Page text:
Stocks rallied 1% on the day as investors cheered the accommodative comments by Ben Bernanke. Interest rate jitters have roiled markets in recent weeks, but Bernanke was quick to emphasize his low interest rate policy in today’s comments. The uptick in stock prices came despite some very weak housing data. All in all, the bullish action was reminiscent of bullish days in the last few weeks. The volume was again very light, but breadth was strong at 2:1.
From Daily Futures:
U.S. Economy – New Home Sales Hit Record Low
The U.S. Census Bureau said that new home sales were at an annual rate of 309,000 in January, down 11.2% from December’s pace and much less than expected. In fact, it was the lowest monthly number of home sales since records began in 1963. May lumber closed down $4.50 at $267.50.
The Mortgage Bankers Association said that its index of mortgage applications was down 8.5% last week, hurt by winter storms in the eastern U.S. Rates on 30-year fixed mortgages averaged 5.03%.
The U.S. Treasury sold $42 billion of 5-year T-notes at a median yield of 2.35% with a bid-to-cover ratio of 2.75. Also, Federal Reserve Chairman Bernanke told the House of Representatives that the Fed will continue to keep the federal funds rate low “for an extended period” to help the economy. The March U.S. T-bonds were down 5/32nds at 117.23/32nds.
Grains and Cotton
May corn closed up 7.5 cents at $3.862, the highest close in five weeks, with many wondering if this winter’s snow and cold temperatures will lead to delays in planting this spring.
The USDA said in today’s Livestock Outlook that, even though the cow herd is at its lowest level since 1951, “if enough feeder cattle are pulled forward, both slaughter and beef production could be higher than previously anticipated.” April cattle were down .50 at 91.92.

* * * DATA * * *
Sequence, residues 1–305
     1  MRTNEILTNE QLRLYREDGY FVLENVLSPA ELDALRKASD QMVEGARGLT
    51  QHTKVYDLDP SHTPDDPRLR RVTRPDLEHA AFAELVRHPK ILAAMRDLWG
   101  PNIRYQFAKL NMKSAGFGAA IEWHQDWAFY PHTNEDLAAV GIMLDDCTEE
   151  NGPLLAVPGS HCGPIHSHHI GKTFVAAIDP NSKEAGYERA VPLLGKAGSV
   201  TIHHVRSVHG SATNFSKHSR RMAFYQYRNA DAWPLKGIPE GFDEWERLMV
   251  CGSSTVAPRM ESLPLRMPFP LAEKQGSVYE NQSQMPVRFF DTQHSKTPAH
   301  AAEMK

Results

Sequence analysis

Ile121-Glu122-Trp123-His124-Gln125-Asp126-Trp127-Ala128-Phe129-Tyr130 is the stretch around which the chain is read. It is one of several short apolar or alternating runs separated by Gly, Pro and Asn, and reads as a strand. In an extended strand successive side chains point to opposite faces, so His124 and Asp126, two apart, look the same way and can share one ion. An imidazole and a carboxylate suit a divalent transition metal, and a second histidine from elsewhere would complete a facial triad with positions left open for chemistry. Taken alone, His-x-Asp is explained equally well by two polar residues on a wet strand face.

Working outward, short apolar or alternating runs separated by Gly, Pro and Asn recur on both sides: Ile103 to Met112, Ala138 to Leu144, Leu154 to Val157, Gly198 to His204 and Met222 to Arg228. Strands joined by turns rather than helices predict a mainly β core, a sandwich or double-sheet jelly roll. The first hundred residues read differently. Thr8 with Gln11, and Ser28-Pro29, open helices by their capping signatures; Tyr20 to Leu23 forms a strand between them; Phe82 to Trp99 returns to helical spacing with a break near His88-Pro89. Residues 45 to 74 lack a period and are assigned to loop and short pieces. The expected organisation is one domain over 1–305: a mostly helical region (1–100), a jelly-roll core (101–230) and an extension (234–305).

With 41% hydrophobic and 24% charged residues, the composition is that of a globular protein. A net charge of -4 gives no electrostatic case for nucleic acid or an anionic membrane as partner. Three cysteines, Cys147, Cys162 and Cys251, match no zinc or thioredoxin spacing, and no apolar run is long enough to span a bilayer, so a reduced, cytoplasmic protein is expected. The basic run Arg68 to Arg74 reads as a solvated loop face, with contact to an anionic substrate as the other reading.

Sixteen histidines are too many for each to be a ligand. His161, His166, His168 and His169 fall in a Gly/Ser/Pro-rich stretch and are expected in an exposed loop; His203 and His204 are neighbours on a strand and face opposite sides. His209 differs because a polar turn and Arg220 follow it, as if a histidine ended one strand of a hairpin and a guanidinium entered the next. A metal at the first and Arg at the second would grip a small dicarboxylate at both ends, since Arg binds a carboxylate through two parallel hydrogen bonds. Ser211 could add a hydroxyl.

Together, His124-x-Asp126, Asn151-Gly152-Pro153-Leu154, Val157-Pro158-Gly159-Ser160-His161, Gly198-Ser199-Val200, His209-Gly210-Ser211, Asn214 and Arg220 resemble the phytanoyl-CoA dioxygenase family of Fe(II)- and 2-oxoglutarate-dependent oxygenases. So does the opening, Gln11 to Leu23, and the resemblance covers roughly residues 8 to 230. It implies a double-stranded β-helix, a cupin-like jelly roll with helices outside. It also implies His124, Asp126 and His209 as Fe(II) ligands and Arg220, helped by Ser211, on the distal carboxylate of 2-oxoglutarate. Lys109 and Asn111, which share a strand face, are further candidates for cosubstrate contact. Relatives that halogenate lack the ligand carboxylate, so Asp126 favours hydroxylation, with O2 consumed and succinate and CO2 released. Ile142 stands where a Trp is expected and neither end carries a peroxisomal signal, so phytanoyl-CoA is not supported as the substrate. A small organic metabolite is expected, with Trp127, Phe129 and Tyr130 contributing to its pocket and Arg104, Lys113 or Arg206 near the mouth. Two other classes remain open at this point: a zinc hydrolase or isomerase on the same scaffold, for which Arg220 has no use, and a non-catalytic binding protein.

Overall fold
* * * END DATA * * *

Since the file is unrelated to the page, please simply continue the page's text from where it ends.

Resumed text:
The USDA said in today’s Livestock Outlook that “lower pork production, current stock levels, and expected acceleration of U.S. pork exports are together likely to sustain hog prices at above break-even levels for most producers this year.” April hogs closed up .90 at 70.35.
May sugar bounced back from yesterday’s sell-off and closed up .72 at 24.40, still facing tight supplies around the world.
The U.S. Department of Energy (DOE) said that crude oil supplies were up 3.0 million barrels last week to 337.5 million barrels, helped by increased imports. Supplies of gasoline were down 900,000 barrels and heating oil supplies were up 600,000 barrels. May crude oil closed up $1.09 at $80.38.
The DOE also said that refinery use increased from 79.8% to 81.2% of capacity last week. Over the past four weeks, gasoline demand was down .3% from a year ago while distillate demand was down 6.8% from a year ago.
China’s copper imports totaled 196,926 tons in January, up 9% from a year ago. May copper closed up 1.90 cents at $3.2535.
Statistics Canada said that corporations earned C$60.1 billion in operating profits in the fourth quarter of 2009, up 7.9% from the previous quarter, but still well below the peak of C$77.3 billion in the third quarter of 2008.
Japan’s Finance Ministry said that exports were up 41% in January from a year ago. The March yen was up .0005 at 1.1094.
Eurostat said that its index of industrial new orders in the EU-27 was up .6% in December and up 6.3% from a year ago. The March euro closed up .0003 at 1.3525.
Germany’s Federal Statistics Office said that real GDP was down 2.4% in the fourth quarter from a year ago, the worst year in the Republic’s 60-year history.